As we started along the path towards the Chalamain Gap, we looked back east and saw long filaments of mackerel cloud, deep pink against a gorgeous turquoise sky.
Soon, as the sun hauled itself above the eastern most Cairngorm hills, we saw our ‘stick men’ shadows, long and solid, pointing our feet in the way of the day ahead.
It’s a fair path that knifes its way across the heather hillside toward the Chalamain Gap. The ‘Gap’, when you reach it, isn’t that imposing. Translated ; ‘the crag of the doves,’ the hill appears to have suffered a great rending in some past geological era. Massive granite boulders have tumbled to choke the floor of the resulting chasm; it was over these that we had to hop and tread warily.
But it’s a short lived thoroughfare. Soon we were being squeezed out of its western end like toothpaste from a tube…onto a path so well used as to have been rendered a quagmire! The gooey way was downwards, fairly steep too, to the little Allt Druigh, in the jaws of the Lairig Ghru.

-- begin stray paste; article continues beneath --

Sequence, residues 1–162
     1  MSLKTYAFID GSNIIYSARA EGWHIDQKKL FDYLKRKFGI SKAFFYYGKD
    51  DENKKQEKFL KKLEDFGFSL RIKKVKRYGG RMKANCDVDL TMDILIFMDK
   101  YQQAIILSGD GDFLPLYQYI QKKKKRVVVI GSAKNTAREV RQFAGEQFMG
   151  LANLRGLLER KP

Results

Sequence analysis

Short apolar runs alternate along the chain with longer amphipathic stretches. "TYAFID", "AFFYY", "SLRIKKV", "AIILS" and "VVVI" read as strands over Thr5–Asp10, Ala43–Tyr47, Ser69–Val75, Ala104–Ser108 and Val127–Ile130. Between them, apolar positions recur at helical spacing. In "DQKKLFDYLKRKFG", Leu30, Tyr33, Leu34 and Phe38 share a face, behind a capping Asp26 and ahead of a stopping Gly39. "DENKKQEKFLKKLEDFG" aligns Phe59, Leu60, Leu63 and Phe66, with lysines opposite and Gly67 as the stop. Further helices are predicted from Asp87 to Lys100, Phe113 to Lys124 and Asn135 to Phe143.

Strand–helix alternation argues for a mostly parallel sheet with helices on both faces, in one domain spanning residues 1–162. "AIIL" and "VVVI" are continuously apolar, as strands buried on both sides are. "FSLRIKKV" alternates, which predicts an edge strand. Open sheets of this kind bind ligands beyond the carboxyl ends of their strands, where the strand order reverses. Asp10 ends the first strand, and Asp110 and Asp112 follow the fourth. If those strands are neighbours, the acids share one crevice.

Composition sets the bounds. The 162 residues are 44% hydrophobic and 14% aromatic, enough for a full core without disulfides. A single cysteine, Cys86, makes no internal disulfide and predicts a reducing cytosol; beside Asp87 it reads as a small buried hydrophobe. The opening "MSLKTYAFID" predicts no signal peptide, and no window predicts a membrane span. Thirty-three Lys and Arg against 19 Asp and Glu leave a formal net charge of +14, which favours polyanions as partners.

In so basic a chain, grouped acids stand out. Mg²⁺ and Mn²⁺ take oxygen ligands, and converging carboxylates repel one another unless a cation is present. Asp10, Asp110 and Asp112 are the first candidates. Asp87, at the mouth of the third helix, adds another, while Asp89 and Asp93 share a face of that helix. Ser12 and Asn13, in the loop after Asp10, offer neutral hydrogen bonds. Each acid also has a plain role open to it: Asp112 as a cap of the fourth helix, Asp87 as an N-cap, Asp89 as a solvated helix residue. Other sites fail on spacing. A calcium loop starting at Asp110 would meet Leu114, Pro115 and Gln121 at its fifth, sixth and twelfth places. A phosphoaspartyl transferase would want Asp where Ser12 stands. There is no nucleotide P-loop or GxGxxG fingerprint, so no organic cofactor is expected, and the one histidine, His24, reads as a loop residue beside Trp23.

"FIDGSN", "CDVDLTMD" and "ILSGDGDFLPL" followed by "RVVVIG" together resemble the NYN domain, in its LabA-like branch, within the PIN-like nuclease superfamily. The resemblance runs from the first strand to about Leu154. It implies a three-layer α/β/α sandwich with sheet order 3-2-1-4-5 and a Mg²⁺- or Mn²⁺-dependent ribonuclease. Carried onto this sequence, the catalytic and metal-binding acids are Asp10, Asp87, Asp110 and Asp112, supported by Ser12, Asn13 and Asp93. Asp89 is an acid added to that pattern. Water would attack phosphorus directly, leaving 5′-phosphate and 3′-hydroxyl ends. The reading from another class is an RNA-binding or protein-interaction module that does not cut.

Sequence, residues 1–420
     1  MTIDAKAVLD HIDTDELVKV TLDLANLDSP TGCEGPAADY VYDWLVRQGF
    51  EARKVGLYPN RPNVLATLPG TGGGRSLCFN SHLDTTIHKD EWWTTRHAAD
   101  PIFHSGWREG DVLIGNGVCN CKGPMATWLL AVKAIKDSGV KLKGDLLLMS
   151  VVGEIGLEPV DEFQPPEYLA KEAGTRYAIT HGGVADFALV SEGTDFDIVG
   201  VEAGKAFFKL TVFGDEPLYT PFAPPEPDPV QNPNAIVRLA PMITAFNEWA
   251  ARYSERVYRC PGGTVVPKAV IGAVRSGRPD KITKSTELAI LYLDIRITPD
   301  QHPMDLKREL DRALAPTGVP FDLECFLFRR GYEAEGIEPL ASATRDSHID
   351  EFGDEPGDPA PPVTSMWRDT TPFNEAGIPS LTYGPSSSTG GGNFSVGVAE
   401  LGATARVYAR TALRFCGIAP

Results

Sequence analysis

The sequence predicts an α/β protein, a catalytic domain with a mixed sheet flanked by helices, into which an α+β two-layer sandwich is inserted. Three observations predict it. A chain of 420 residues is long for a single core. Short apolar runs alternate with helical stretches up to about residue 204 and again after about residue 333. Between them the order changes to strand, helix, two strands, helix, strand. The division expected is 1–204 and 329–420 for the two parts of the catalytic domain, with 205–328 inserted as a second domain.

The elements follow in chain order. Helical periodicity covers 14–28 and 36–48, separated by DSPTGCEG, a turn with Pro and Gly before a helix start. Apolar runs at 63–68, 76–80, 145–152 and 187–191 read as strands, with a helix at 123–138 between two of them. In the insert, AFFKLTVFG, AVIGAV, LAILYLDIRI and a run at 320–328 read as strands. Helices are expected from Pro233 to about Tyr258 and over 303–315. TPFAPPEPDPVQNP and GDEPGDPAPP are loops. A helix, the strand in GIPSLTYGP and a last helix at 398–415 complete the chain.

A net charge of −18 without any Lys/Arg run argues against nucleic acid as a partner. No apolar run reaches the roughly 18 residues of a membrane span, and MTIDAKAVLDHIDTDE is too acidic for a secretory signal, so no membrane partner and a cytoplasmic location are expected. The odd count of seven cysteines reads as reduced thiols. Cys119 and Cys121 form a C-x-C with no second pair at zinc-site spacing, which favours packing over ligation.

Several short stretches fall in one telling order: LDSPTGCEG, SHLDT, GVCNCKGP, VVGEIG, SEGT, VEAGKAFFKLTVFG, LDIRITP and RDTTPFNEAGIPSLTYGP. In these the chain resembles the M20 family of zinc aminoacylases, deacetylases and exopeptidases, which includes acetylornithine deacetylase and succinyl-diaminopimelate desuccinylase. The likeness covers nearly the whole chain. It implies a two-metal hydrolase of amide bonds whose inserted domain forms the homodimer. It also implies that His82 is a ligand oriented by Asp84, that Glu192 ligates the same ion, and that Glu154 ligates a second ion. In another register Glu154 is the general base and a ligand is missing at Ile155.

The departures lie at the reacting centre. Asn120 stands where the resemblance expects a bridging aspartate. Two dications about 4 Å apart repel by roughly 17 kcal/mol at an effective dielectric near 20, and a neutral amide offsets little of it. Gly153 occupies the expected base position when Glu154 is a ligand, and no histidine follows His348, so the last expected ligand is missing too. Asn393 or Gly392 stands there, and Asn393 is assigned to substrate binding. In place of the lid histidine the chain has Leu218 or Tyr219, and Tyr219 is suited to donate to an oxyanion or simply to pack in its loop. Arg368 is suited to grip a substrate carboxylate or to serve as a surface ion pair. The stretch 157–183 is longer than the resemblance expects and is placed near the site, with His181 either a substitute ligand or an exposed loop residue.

Once we’d crossed the burn we were faced with a short, steep path up the other side. Grit gave way to a bouldery trail through the heather.
This in turn led us onto the blunt end of Braeriach’s long northern spur, Sron na Lairig.
With plunging cliffs dropping to the east, this ridge forms the first major bastion on the western side of the Lairig Ghru. As we climbed we were constantly lured away from the spinal path towards the rockier edge and ever more precipitous drops to the pass’s floor, already hundreds of feet below us.